07/09/12

Insects and other foods the trout should be eating:
Hatching:
1.    BWOs (Eastern)
2.    Green Sedges (Caddisflies)
3.    Cinnamon Caddis (Mostly Abrams Creek)
4.    Cream Cahills
5.    Little Yellow Stoneflies (Little Summer Stones)
6.    Sulphurs
7.    Slate Drakes
8.    Little Green Stoneflies

Most available/ Other types of food:
10.  Sculpin, Minnows (Streamers)
11.  Inch Worm (moth larva)
12.  Beetles
13.  Grasshoppers
14.  Ants

New Perfect Fly Leaders
We are taking a much bigger leap into the leader business than we previously have at
Perfect Fly. In fact,
we will be offering as many or more nylon leaders as any of the
manufacturers including RIO. Some of the nylon leaders will have fluorocarbon tippets and in
some cases, fluorocarbon shock tippets. It will take a couple more months to get our
complete line finished but we already have some of the new leaders available online and
ready to ship.

One leader that we think will be popular in the Smokies as well as any area of the country
with small, pocket water streams, is our new 7 1/2 foot length.
It is available in sizes ranging
from a 1X down to a 7X.  The shorter length works best for the short cast often used in small,
pocket water trout streams.

We also have a new line of
tapered Bass Leaders that are suitable for both largemouth and
smallmouth bass. These are 7 foot leaders available in 8, 10, 12 and 14 pound test sizes.

We have a new line of leaders for those that like to catch the mighty
Bream, Shellcrackers,
and other types of panfish. They come in a 7 foot length and 4, 6 and 8 pound test sizes.

By the way, unlike some leader manufacturers, we don't market our leaders with misleading
strength designations. In other words,
we don't call a true 5X leader a 4X leader to try to
fool anglers into thinking our leaders are stronger than anyone's else's leaders
.
The leaders break near or just above the designated strength. Calling a 5X leader, for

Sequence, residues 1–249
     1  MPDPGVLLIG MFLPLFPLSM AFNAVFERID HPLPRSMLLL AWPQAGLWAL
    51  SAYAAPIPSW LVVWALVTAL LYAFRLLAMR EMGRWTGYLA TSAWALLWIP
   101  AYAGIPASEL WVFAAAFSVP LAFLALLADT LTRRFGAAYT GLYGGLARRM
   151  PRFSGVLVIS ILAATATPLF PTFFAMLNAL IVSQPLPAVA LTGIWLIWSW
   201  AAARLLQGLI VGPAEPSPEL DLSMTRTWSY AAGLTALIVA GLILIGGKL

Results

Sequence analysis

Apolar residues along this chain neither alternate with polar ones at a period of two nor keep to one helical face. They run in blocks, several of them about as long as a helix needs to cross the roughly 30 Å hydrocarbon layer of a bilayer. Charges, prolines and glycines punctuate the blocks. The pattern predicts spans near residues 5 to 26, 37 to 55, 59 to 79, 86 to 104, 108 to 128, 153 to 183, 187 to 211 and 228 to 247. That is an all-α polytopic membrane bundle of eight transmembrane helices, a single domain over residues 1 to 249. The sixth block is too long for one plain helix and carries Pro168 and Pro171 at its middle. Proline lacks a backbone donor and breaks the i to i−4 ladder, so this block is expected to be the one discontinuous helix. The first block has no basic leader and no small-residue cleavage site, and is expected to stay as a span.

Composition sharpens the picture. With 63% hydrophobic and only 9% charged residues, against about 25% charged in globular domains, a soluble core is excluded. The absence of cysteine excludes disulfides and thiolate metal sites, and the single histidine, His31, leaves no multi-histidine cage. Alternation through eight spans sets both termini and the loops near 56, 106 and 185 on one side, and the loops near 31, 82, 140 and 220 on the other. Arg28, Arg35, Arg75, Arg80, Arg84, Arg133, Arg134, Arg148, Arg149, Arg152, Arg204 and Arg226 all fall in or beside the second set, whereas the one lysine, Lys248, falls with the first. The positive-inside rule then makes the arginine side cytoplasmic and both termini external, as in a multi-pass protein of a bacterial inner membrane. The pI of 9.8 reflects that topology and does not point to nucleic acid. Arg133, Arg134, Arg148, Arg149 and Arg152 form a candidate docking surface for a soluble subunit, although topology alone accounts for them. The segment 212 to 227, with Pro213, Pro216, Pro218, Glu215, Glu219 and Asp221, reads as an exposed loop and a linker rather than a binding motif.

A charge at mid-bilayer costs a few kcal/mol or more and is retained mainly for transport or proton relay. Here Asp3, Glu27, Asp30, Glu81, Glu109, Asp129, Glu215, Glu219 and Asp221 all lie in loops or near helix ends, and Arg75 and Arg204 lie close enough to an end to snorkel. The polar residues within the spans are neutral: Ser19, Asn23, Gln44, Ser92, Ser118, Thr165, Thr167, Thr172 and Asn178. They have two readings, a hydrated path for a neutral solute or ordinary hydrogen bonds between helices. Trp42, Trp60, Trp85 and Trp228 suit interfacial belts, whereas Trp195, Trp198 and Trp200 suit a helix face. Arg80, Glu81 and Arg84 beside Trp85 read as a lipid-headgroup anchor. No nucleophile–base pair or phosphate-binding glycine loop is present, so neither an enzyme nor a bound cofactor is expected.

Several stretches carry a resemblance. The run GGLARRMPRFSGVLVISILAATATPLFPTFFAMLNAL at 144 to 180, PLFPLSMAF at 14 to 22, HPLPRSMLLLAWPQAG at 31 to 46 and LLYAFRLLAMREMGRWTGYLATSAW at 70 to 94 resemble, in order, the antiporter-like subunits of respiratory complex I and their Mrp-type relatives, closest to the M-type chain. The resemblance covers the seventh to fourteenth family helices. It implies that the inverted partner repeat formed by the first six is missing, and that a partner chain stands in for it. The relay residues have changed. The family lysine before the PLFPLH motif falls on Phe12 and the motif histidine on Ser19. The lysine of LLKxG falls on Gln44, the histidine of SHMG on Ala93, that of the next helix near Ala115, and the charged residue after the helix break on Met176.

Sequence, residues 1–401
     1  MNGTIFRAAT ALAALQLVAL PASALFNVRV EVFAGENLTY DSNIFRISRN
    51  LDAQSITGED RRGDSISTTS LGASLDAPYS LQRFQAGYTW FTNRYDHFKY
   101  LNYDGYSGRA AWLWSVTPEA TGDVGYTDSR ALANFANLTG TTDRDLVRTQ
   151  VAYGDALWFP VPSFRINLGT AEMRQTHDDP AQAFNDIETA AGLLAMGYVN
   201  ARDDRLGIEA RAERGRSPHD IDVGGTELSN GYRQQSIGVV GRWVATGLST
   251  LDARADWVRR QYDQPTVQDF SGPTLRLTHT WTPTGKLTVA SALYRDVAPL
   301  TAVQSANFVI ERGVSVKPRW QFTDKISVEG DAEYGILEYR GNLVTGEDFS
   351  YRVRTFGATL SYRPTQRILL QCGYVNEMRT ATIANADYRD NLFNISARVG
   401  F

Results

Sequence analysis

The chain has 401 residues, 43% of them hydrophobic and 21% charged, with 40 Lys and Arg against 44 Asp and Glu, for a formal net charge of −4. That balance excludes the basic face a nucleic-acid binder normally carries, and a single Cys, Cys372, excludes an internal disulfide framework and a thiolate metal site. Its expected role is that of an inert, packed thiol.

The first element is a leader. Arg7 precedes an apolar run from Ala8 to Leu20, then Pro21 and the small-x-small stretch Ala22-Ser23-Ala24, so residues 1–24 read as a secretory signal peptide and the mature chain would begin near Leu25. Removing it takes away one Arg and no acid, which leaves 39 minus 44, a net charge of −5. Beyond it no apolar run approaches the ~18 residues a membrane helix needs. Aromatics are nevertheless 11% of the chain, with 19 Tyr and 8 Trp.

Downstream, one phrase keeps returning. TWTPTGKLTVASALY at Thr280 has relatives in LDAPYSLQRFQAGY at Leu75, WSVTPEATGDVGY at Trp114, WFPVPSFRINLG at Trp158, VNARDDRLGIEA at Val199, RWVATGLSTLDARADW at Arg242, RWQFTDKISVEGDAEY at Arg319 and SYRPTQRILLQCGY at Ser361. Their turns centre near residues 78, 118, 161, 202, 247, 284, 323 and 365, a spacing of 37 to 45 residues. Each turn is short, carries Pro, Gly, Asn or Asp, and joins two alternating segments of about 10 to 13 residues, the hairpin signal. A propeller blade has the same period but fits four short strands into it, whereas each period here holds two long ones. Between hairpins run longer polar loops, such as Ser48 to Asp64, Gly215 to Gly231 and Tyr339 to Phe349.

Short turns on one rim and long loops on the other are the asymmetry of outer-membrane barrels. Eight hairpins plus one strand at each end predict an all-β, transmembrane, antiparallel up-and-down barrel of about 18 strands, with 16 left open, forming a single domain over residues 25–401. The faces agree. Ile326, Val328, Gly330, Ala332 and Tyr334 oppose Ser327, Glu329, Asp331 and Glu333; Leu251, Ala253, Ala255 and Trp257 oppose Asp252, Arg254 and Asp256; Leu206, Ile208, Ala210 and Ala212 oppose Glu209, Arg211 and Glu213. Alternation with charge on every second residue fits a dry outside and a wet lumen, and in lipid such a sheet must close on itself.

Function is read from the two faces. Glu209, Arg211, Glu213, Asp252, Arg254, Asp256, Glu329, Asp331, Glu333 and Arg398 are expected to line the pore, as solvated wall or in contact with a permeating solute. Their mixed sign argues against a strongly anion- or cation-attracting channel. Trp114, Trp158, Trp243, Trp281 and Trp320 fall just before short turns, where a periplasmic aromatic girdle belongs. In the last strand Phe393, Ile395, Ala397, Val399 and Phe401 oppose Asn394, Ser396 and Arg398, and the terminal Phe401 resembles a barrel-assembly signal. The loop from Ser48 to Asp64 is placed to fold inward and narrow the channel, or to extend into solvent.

example, a "strong" leader should insult anyone's intelligence.
It's purely a marketing
gimmick.
You can use hard or soft nylon which changes the resistance to abrasion along
with the elasticity. Smaller diameter material can have a higher breaking strength than a
larger diameter material if you change certain characteristics of the nylon, but nylon is nylon.

As you can see from the leader index, we are adding many other leaders including leaders
for several other freshwater species as well as a complete line of saltwater fly fishing leaders.

A Welcome Change Ahead
From a weather and stream level situation, this coming week should be quite different from
what we have experienced for the past few weeks. The temperatures will be more normal
both at nighttime and during the day. Highs are predicted to only reach the mid to high
eighties.

I woke up to a welcome sound this morning. It was raining rather steady without the lightning
and thunder you would normally expect at this time of the year. It's possible I could have
been sleeping well enough to have missed the thunder and lightning. It was still dark when I
walked out on the porch but it felt so good that I decided to have my first cup of coffee on the
porch listening to the rain. The cool air made it feel more like a Fall morning than a July
morning.

There's a good chance of rain everyday for most of the coming week. It's possible for some
of the streams to get on the high side, and if they do, I promise I won't complain. The rain is
needed. The Smokies can be very dry during the late Summer and early Fall and the rain is
always welcome at this time of the year. During the Summer, the freestone streams rely 100
percent on the rain for their water.

KISS A Bug Series - Eastern Blue-winged Olives - Duns
Although they usually spend a few seconds drying their wings on the surface of the water,
trout seem to prefer the emerging nymphs over the duns. As we previously stated, the
trailing shuck version, or a dun that still has its nymphal shuck attached, works great.

I feel confident that there would never be enough of these mayflies hatching at any one time
for the trout to feed on them selectively on them; however, there are so few other mayflies
hatching at the time most of the Eastern BWOs species hatch, I feel sure the trout become
accustomed to seeing them on a fairly regular basis. As I also mentioned before, we have
never failed to be able to consistently catch trout on imitations of the Eastern BWOs when
they are hatching.

Use the smallest tippet you can get away with (5X or 6X) and present the dun imitation using
an up, or up and across stream cast. If there's not much success encountered fishing the
Perfect Fly dun imitation I suggest that you fish the trailing shuck emerger pattern. Again, I
have found the trailing shuck version of the emerging dun to be very effective during this
hatch.

These mayflies hatch in the slow to moderately moving water that's adjacent to the fast water
of the runs and riffles, or the slow side of the current seams. Instead of concentrating on
getting the fly to drift down the current in the faster water, try to place it in the calmer water
behind boulders and the small pockets along the banks. The fly usually doesn't drift very far
but you will be placing it right where these mayflies emerge.
Copyright 2012 James Marsh